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|A private airstrip prior to World War II, the Camden airfield hosted Nos 4, 15, 21, 32 and 78 Squadrons at various stages during the war, in addition to the Central Flying School between 1940 and 1942, and a British transport unit, RAF No 243 Squadron, during the latter part of World War II. By 1946, the airfield had been returned to its civil status.||03/21/2007||547|
|In World War 1 the airfield was used as a base for maritime patrols and it played an important role in the Atlantic maritime theatre, until operational flying ceased in 1942. In 1942 the base became No.10 Radio School, a training base for aircrew wireless operators, a role it was to perform until the end of the war. The station closed in 1945. |
|There are references to Kahuku as an emergency field dating to the 1930's, but it was not until the United States entered World War II that the airfield was developed. Kahuku Army Airfield was classified as an auxiliary field and had a very short life span, from 1942 until it was closed in the late 1940's. Ground troops were stationed in the area to protect the airfield and man the shoreline fo...||10/28/2008||663|
|Bataan Airfield was a former wartime United States Army Air Forces airfield on Luzon in the Philippines. It was overrun by the Imperial Japanese Army during the Battle of the Philippines (1942). The airfield was located near the village of Lucanin, south Lamao in Bataan Provience.|
|Dispersed aircraft pens, consisting of characteristic E-shaped earth banks at St Eval airfield in 1942. Each pen has room for two aircraft. The placing of these pens attempts to conceal them; they are sited on farmland and are laid out along the lines of existing hedges.||12/05/2009||466|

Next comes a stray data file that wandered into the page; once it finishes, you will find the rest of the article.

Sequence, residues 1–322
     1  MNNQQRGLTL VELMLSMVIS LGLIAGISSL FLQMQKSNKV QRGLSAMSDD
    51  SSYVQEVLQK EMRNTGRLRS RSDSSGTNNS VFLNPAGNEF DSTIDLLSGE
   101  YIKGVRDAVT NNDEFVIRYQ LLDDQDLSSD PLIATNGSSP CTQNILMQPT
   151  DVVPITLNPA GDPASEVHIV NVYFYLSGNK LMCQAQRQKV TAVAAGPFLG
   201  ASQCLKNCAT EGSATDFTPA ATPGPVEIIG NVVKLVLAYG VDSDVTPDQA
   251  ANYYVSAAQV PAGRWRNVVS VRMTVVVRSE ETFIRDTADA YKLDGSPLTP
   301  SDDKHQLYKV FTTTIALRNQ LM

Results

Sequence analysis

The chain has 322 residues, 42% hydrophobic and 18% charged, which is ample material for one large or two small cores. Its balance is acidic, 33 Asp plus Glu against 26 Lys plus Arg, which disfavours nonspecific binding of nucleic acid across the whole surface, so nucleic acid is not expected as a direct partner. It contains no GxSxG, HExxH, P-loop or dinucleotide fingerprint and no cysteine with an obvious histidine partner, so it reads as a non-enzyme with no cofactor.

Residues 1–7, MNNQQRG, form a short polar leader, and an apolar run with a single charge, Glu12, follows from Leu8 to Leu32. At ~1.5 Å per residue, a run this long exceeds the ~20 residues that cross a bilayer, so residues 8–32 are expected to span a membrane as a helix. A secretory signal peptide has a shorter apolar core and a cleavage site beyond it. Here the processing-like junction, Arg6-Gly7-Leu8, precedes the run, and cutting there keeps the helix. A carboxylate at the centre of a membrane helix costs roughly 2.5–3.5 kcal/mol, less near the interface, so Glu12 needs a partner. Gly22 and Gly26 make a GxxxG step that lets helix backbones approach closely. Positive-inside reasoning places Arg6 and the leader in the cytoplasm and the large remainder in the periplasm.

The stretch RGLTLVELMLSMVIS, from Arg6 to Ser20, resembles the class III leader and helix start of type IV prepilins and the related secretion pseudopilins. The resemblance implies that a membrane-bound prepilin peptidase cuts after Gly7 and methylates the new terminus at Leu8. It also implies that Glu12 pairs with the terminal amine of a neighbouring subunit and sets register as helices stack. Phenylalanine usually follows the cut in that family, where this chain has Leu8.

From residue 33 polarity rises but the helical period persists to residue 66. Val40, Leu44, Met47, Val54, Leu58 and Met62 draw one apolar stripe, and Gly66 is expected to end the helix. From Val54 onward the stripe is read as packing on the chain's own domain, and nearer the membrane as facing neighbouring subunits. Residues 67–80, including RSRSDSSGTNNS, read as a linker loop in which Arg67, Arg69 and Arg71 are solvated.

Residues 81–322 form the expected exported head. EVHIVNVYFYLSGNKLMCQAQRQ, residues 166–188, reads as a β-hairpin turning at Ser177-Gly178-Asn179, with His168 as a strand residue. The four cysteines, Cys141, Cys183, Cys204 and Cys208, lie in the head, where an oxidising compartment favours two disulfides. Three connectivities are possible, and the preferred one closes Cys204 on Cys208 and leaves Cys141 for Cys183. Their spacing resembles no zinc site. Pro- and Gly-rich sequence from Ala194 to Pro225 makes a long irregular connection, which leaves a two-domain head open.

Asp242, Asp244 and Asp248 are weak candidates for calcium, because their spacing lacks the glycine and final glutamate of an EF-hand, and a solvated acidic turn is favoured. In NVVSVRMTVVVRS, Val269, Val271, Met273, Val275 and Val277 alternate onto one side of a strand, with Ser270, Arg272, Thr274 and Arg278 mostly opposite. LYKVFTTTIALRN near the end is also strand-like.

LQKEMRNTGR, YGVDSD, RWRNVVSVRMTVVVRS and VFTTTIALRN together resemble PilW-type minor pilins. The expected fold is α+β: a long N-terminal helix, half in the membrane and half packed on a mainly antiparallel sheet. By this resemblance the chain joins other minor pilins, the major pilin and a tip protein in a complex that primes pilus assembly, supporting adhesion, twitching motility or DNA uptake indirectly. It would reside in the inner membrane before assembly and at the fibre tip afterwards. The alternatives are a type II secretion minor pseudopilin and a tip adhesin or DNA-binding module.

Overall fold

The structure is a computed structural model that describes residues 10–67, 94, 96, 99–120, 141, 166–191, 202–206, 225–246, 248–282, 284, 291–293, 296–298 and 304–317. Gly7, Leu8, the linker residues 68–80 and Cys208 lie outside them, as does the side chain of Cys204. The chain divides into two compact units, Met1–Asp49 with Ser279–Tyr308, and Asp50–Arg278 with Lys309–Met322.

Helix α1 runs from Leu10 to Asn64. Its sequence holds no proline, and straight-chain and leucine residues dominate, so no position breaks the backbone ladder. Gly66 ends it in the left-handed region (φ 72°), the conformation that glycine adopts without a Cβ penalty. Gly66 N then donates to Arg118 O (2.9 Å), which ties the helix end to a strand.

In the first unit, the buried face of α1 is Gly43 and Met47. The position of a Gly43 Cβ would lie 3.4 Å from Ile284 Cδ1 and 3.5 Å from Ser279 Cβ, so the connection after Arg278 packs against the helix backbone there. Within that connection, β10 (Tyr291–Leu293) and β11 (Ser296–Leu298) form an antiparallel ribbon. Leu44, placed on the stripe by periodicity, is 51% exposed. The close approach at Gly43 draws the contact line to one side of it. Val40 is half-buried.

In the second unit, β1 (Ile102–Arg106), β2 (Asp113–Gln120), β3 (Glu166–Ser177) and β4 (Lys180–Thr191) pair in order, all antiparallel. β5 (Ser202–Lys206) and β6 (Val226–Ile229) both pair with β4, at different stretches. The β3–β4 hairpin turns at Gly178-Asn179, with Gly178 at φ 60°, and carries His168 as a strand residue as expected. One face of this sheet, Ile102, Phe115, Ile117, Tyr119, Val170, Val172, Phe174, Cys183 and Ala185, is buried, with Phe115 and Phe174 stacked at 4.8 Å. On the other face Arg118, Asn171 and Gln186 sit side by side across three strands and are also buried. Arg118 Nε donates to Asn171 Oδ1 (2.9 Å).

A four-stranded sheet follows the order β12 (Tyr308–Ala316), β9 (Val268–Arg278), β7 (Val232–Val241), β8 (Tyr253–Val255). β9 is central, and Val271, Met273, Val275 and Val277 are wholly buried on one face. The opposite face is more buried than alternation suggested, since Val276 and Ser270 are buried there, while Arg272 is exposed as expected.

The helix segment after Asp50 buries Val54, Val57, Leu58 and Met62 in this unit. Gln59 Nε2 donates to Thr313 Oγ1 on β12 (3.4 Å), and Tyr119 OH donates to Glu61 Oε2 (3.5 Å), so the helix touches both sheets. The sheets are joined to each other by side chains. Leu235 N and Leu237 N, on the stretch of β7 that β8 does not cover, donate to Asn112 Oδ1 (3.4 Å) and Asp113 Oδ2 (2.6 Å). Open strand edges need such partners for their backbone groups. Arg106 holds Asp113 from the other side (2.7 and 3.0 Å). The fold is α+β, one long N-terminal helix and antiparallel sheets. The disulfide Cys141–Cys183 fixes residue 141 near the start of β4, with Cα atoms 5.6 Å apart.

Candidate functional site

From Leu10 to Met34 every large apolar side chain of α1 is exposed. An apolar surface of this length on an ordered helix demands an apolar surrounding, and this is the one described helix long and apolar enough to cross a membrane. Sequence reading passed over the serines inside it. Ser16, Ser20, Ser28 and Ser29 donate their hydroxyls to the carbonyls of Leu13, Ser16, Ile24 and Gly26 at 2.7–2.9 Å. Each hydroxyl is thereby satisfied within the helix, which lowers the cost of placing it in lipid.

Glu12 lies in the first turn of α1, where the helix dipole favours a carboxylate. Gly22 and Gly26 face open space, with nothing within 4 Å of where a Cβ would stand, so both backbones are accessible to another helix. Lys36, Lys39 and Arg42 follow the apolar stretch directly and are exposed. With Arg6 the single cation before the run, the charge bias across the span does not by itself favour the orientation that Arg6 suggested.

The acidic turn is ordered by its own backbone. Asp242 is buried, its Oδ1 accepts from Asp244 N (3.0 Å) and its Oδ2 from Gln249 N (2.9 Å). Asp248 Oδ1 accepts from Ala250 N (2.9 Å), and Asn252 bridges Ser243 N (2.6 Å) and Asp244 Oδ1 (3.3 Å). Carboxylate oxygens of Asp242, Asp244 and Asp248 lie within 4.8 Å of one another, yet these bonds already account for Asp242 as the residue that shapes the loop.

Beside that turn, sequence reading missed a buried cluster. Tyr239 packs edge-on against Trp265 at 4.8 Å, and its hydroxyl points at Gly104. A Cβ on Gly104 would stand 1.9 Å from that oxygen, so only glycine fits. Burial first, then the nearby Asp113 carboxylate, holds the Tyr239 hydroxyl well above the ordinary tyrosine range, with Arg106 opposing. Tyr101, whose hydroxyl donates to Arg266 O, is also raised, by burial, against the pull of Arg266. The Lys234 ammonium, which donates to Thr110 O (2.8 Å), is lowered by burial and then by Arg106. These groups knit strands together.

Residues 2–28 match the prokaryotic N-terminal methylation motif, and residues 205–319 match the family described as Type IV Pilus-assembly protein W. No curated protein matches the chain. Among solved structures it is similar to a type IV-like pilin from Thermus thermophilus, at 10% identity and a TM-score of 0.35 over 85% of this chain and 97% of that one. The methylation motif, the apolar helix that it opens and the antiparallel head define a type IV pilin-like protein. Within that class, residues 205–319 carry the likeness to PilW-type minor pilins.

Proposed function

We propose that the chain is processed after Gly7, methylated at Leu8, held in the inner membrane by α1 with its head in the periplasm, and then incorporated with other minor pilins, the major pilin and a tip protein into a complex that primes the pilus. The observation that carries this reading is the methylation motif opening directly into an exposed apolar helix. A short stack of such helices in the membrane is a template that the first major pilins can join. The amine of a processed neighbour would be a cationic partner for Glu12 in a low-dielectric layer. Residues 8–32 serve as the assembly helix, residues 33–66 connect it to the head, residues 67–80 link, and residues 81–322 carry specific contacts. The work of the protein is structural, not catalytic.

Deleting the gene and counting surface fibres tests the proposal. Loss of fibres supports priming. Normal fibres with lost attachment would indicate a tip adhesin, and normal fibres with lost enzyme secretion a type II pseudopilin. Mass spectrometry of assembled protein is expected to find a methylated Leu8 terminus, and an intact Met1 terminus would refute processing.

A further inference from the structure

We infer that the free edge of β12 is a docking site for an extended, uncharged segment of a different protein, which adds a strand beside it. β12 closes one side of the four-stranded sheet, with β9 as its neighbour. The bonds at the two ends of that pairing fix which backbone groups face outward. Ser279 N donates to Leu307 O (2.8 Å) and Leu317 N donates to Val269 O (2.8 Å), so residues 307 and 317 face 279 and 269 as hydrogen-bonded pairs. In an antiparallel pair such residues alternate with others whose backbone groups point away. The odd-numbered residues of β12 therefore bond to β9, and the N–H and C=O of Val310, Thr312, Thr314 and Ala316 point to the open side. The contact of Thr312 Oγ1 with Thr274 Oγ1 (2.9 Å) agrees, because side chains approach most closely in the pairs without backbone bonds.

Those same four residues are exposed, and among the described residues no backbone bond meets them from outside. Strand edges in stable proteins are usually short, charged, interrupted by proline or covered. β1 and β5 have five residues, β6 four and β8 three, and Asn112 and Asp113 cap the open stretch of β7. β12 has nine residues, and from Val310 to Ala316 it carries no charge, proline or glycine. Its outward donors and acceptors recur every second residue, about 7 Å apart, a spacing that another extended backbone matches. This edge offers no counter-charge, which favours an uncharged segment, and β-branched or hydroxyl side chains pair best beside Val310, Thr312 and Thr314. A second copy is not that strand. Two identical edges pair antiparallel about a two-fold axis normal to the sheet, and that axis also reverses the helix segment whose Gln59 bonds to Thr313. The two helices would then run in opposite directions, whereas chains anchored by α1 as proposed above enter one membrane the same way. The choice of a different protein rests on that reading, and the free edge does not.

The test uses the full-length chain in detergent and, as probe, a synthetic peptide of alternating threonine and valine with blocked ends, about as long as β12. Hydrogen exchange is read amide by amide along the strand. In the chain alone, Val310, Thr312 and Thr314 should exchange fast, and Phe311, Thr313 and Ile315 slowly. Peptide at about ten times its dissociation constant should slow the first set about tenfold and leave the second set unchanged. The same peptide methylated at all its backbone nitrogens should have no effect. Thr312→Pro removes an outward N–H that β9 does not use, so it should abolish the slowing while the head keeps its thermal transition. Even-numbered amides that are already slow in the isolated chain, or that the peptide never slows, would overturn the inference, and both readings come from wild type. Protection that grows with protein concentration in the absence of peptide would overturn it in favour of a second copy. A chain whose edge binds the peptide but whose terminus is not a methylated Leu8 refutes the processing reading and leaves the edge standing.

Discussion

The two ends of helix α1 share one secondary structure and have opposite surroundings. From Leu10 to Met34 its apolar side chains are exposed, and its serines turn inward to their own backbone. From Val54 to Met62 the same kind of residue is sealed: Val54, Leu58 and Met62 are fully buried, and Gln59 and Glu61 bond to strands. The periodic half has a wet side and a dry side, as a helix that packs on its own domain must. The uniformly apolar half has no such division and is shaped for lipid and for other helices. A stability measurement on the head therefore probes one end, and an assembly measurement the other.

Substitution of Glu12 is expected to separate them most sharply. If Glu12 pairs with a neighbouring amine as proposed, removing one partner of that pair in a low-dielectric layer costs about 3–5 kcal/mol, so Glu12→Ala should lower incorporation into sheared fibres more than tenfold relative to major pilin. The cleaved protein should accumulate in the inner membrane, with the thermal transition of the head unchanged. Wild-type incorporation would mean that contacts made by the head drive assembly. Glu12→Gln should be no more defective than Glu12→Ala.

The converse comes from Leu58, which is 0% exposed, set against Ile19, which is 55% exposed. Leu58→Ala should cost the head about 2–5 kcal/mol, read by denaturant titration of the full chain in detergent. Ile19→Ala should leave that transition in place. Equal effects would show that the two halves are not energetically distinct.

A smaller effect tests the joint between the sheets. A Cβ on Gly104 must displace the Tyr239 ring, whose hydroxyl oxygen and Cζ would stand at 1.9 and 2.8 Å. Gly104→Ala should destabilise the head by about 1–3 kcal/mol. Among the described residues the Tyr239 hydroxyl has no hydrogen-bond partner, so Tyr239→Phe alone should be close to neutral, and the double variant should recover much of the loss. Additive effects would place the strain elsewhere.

|Vertical aerial reconnaissance view of Castelvetrano airfield, Sicily, the day before a successful attack was made on it by Malta-based Bristol Blenheims of Nos. 18 and 107 Squadrons RAF. A number of Junkers Ju 52 and Savoia Marchetti SM 82 transport aircraft, many of which were destroyed during the raid, can be seen parked around the airfield perimeter. ||08/17/2008||742|
|On 7 September 1942 South of the Bury Road, RAF Chedburgh opened, in No. 3 Group RAF Bomber Command. Major construction work was carried out by John Laing & Son Ltd., and built to Class A standard, the airfield had three concrete runways, 05-23 at 2,000 yards and 12-30 and 17-35 both at 1,400 yards. In October 1942 214 Squadron moved in flying Short Stirling bombers. Various squadrons follo...||09/09/2014||3|
|Note the many CG-4A gliders on the airfield.|
Welford airfield (also called Welford Park) was built as one of the many Operational Training Unit airfields for the Southern Counties and was intended originally as a base for No 92 group Bomber Command. The original design called for a standard RAF 3 runway layout with the main runway of 2000ft aligned NW/SE to be a satellite airfiel...
|RAF Hethel is a former World War II airfield used by the US during the Second World War (and briefly as an RAF station) in Norfolk, England situated located 7 miles south west of Norwich. |
Hethel airfield was constructd in 1942 for American use and was assigned USAAF designation Station 114.
From 14 September 1943 though to 12 June 1945, Hethel served as headquarters for t...
|RAF Davidstow Moor was an airbase near Camelford in Cornwall, United Kingdom from 1942 until 1945. Despite a few periods of intense activity it was one of Coastal Commands's lesser used airfields. |
The land was acquired in 1941 and construction took place in first half of 1942. Providing a three runway airfield with extensive dispersal area. Despite the moorland conditions constr...
|RAF Snitterfield is a former Royal Air Force station located west of Snitterfield, Warwickshire, England, 3.3 miles (5.3 km) north of Stratford-upon-Avon and 4.6 miles (7.4 km) south-east of Henley-in-Arden, Warwickshire.|
Snitterfield was operational during the Second World War, the airfield was a class A airfield and had around 30 aircraft dispersals. The airfield was finished a...
|Seething airfield was built in 1942-43 by John Laing & Son Ltd., to the standard Class A requirement for heavy bombers, the airfield had a main runway 6,000 ft. long aligned SW-NE and two secondary runways of 4,200 ft in length. The encircling perimeter track was three miles long. ||11/25/2008||174|